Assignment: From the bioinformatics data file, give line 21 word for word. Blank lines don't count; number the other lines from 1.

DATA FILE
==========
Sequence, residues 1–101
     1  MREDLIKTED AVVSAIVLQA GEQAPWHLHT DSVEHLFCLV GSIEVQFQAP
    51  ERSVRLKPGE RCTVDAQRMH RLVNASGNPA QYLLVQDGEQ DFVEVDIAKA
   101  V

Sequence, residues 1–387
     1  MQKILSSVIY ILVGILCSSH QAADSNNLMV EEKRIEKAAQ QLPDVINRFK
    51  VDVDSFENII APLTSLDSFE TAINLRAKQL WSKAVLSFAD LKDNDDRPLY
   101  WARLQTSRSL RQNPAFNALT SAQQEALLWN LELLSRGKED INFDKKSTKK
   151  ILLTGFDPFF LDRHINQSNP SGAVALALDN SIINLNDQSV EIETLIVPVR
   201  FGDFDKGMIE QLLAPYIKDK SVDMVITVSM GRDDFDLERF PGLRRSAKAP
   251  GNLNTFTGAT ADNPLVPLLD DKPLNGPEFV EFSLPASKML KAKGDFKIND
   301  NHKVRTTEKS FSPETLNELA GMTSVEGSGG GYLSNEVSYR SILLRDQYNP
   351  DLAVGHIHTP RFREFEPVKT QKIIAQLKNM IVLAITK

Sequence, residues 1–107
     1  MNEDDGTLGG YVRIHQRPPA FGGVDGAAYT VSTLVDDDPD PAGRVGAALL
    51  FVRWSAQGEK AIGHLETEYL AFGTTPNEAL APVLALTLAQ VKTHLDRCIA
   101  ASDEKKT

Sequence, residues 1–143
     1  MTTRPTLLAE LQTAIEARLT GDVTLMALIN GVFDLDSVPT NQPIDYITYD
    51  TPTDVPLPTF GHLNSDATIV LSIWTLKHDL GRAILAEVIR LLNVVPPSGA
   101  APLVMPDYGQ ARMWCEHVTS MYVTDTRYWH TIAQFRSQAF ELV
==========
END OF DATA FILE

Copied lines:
   101  APLVMPDYGQ ARMWCEHVTS MYVTDTRYWH TIAQFRSQAF ELV